A nonprofit community arts center, VisArts fills its studios with amateur artists learning techniques of creative expression, and acts as an exhibition opportunity for seasoned creators. Classes span a wide artistic spectrum, including concentrations such as ceramics and glass, many of which can be specifically tailored for the educational needs of children or resurrected Renaissance men in need of a new hobby. VisArts also enriches the community with a trifecta of galleries—the Kaplan, Gibbs Street, and Common Ground—and a thriving resident-artist program.
Sandy Spring Museum preserves artifacts and archival records from Sandy Spring’s storied past as an 18th-century Quaker community that eventually grew into what was at the time one of Maryland’s cultural and industrial hubs. In several exhibits, some of which rotate periodically, visitors can walk through a traditional farmhouse kitchen from a bygone era, explore the area’s historical social clubs, or learn about the plight of one of the country’s first and oldest communities of African American landowners. The museum also hosts events and community programs, such as a historic homes tour.
With an interest in fine art and a dream of owning his own business, Rick Turner felt like he didn’t quite belong at his job with the federal government. So, in 1973, Rick left his office gig behind and took a risk by opening his own shop. Settling into a quaint historic building, Rick enlisted his sister Lorraine to work in the shop. When the two started feeding large frame mouldings through a back window, they realized they needed a bigger space.
Today, at Turner Framing locations in Sterling and Seneca Square, the certified picture framers preserve children's artwork, needlepoint pieces, photographs, diplomas, and hole-in-one golf balls with museum-quality materials similar to those used in protecting King Tut's vacation photos.
Each year, a great wildebeest migration takes place in East Africa's vast plains, as millions of ungulates trek more than 600 miles in search of fresh grass. Thomson's gazelles, zebras, and other prey animals join with the wildebeests en masse, and predatory lions, hyenas, and jackals follow the herd as a promising food supply. Safari Ventures, named one of the World's Best Adventure Travel Companies by National Geographic in 2009, sends tour groups in four-by-four vehicles on a circular trek across the Serengeti plains in search of migrating wildebeests and other big game. The itinerary includes the following and is available on select dates:Days 1–2: Flights on Ethiopian Airlines depart from Washington-Dulles International Airport (IAD) and arrive at Tanzania's Kilimanjaro International Airport (JRO) the next day (after a stopover in Addis Ababa, Ethiopia). Upon arrival, visitors are transferred to the nearby Kia Lodge for an overnight stay. Mount Kilimanjaro, the tallest mountain in Africa at more than 19,000 feet, is visible in the distance on a clear day. Days 3–4: After breakfast, tour groups head to Lake Manyara National Park for the first of many game drives. There, zebras and buffalo rove the plains, and more than 400 bird species fly above. Blue monkeys, bushbucks, mongooses, and flamingos also comprise the area's native population. Visitors retreat for the night to Migunga Tented Camp. Days 5–7: After breakfast, tour groups enter Serengeti National Park, a UNESCO World Heritage Site they'll explore for the next three days. On the way to Serengeti, the caravan stops at a Masai village to learn about the local tribe's culture and heritage. Most of the time in the park is spent on game drives, searching for the wildebeest, elephants, giraffes, lions, and jackals. Guests stay overnight in Ikoma Tented Camp.Days 8–9: After a breakfast and one last morning game drive in Serengeti National Park, the safari heads toward the Ngorongoro Crater. Along the way, the tour makes a pit stop in Olduvai Gorge, an archaeological site where paleontologists discovered fossils that date back nearly two million years. Within the Ngorongoro Conservation Area, safari drivers seek out the big four animals: lions, elephants, leopards, and rhinoceros. Nightly accommodations are at Crater Forest Lodge. Days 10–11: On the final leg of the safari, the caravan makes the return trip, passing through the town of Mto wa Mbu. Here, safari-goers can stretch their legs and browse local markets. Later that evening, guests take a homeward-bound flight on Ethiopian Airlines from Kilimanjaro International Airport (JRO). View the FAQ page for more information. Pre-trip excursions to Mount Kilimanjaro and the beaches of Zanzibar are also available for an additional fee.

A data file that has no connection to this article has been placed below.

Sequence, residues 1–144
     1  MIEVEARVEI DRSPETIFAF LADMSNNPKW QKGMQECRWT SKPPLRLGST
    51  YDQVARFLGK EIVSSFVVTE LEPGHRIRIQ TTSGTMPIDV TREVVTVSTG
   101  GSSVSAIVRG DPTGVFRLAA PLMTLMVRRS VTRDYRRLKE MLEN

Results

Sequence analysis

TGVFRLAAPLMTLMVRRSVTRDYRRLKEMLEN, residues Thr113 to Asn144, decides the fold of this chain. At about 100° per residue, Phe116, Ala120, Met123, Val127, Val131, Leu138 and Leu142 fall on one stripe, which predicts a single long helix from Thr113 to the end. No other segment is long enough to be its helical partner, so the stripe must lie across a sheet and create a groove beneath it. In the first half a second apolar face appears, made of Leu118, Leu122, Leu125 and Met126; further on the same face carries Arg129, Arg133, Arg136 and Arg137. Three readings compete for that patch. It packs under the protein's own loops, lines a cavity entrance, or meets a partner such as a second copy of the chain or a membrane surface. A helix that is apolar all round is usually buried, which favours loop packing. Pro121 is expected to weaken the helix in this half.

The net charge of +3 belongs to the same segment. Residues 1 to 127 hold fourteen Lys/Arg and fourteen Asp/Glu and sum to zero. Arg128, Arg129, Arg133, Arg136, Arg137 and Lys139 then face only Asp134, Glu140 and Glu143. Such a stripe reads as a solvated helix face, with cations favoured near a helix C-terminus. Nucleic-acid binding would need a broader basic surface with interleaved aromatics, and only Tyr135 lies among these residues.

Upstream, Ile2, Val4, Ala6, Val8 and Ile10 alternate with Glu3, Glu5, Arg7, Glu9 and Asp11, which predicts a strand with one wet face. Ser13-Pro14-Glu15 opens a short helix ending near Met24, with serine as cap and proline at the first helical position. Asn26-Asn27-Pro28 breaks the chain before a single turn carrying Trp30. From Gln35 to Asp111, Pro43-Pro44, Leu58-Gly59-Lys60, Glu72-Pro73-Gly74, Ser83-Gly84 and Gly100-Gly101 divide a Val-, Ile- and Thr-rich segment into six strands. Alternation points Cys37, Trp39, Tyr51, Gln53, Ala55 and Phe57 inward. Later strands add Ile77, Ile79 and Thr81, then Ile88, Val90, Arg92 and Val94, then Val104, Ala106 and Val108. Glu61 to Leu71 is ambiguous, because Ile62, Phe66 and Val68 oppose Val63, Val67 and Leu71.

The Heritage Farm Museum edifies and entertains visitors with its exhibits and collections on agrarian life in Loudoun County. Families of two adults plus children, grandchildren, and all imaginary friends under 18 receive free admission for one year plus eight free guest passes, allowing them to explore the many hands-on displays with as many hands as they can round up. Play customer or storekeeper in the authentic collections of the Waxpool General Store exhibit, or pay a visit to the children's farm exhibit where youngsters can milk a lifelike cow, collect eggs from virtual chickens, and tool around on miniature farm vehicles.